When Spider Webs Unite, They Can Tie Up a Lion: A Partnership to Tackle Achievement Gaps Through Increased Opportunity

March 1st, 2016 | RESEARCH

Imagine two seventh-grade students from communities of color and low socioeconomic backgrounds, of whom at least one is an English-language learner1 (ELL). Both are likely disenfranchised from avenues to success and the ability to see themselves as capable of great things. These students attend school in the largest school districts in Colorado. As part of their seventh-grade science class, they participate in a program called Urban Advantage Metro Denver (UA Denver), which provides them the opportunity to work on a self-selected science project. Their projects are inspired by field trips to three local, science-based cultural institutions, where they are challenged to embrace the experience like scientists, making observations, asking questions, and brainstorming a scientific project they can conduct, based on their own interests.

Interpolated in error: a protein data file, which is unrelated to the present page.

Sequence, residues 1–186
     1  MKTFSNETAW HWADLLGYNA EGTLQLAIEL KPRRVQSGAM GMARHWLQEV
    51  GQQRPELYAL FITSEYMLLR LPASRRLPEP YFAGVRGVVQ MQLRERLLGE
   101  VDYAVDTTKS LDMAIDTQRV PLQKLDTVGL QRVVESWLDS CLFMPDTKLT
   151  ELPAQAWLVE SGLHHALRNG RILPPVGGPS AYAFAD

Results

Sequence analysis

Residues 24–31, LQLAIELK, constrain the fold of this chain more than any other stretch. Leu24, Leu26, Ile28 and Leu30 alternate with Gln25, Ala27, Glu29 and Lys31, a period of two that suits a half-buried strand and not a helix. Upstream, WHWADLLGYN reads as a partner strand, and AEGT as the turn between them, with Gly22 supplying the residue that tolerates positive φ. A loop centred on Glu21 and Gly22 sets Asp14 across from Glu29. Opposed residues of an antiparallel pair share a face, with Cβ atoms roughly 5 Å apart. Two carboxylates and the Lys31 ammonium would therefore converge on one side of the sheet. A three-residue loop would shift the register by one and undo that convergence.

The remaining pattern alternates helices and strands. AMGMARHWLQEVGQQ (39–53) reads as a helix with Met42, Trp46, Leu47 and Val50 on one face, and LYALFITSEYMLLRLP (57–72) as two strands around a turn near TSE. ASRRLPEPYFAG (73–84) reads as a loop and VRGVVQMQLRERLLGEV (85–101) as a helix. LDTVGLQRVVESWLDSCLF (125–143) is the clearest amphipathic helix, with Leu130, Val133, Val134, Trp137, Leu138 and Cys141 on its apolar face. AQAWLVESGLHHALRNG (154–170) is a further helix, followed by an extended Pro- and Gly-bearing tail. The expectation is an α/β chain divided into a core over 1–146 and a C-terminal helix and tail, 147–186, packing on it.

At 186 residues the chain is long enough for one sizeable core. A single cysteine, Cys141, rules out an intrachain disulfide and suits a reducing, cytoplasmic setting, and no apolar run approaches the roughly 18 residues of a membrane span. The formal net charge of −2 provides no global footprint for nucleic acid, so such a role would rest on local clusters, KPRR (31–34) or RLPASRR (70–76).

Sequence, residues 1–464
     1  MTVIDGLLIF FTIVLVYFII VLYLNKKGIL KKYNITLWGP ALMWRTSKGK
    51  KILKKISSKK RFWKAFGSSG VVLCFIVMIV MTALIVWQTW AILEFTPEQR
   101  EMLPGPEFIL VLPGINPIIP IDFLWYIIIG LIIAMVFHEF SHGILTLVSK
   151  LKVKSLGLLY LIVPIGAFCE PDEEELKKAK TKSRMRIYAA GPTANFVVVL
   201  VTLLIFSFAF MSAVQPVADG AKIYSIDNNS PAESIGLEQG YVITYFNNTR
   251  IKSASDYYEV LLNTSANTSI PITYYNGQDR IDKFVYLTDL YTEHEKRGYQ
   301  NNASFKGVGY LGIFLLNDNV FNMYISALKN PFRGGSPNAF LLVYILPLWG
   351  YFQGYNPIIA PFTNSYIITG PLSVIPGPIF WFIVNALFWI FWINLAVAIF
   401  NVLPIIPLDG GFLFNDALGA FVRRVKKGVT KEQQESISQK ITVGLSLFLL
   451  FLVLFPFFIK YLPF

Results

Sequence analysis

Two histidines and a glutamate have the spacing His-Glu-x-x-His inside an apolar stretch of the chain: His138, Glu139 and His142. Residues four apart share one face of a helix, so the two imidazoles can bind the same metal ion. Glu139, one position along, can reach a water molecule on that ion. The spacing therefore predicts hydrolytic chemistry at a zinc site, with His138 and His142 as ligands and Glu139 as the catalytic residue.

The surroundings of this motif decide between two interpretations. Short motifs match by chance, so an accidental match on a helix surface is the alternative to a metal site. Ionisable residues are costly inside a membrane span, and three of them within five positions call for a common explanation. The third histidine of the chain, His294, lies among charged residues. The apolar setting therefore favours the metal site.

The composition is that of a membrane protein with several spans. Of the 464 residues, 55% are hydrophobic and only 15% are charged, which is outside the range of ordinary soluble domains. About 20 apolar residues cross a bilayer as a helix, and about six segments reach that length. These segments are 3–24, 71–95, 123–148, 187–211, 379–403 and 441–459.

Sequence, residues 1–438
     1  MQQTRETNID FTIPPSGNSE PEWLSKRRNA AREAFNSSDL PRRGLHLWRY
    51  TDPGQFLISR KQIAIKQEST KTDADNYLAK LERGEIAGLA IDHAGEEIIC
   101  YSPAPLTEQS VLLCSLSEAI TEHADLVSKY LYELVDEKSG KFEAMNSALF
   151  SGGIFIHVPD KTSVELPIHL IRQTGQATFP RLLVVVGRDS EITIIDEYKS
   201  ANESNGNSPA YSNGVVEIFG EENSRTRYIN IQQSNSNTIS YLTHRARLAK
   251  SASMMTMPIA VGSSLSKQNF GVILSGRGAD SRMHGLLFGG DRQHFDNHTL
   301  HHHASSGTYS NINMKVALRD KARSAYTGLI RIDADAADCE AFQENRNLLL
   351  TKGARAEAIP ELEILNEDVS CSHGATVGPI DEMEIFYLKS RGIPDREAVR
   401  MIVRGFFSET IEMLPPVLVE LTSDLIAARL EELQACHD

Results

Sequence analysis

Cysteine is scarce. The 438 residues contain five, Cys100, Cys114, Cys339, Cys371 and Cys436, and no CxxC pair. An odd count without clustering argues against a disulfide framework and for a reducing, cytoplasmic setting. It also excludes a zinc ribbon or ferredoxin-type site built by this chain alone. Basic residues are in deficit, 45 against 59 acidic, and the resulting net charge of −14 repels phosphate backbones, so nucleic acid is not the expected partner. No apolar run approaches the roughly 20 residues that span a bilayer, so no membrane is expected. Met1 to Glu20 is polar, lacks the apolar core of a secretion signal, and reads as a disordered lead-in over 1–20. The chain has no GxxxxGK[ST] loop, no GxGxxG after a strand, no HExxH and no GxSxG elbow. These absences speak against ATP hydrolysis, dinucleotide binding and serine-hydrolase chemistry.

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Team Members

Eric Godoy, Author, Denver Museum of Nature & Science
Patricia Kincaid, Author, Denver Public Schools


Identifier Type: ISSN
Identifier: 2475-8779

Publication: Connected Science Learning
Volume: 1

Related URLs

Full Text
Efficacy Study of Metropolitan Denver's Urban Advantage Program: A Project to Improve Scientific Literacy Among Urban Middle School Students


Access and Inclusion: English Language Learners | Ethnic | Racial | Low Socioeconomic Status | Urban
Audience: Educators | Teachers | Middle School Children (11-13) | Museum | ISE Professionals | Scientists
Discipline: General STEM | Nature of science
Resource Type: Peer-reviewed article | Research Products
Environment Type: Informal | Formal Connections | K-12 Programs | Museum and Science Center Programs | Public Events and Festivals | Public Programs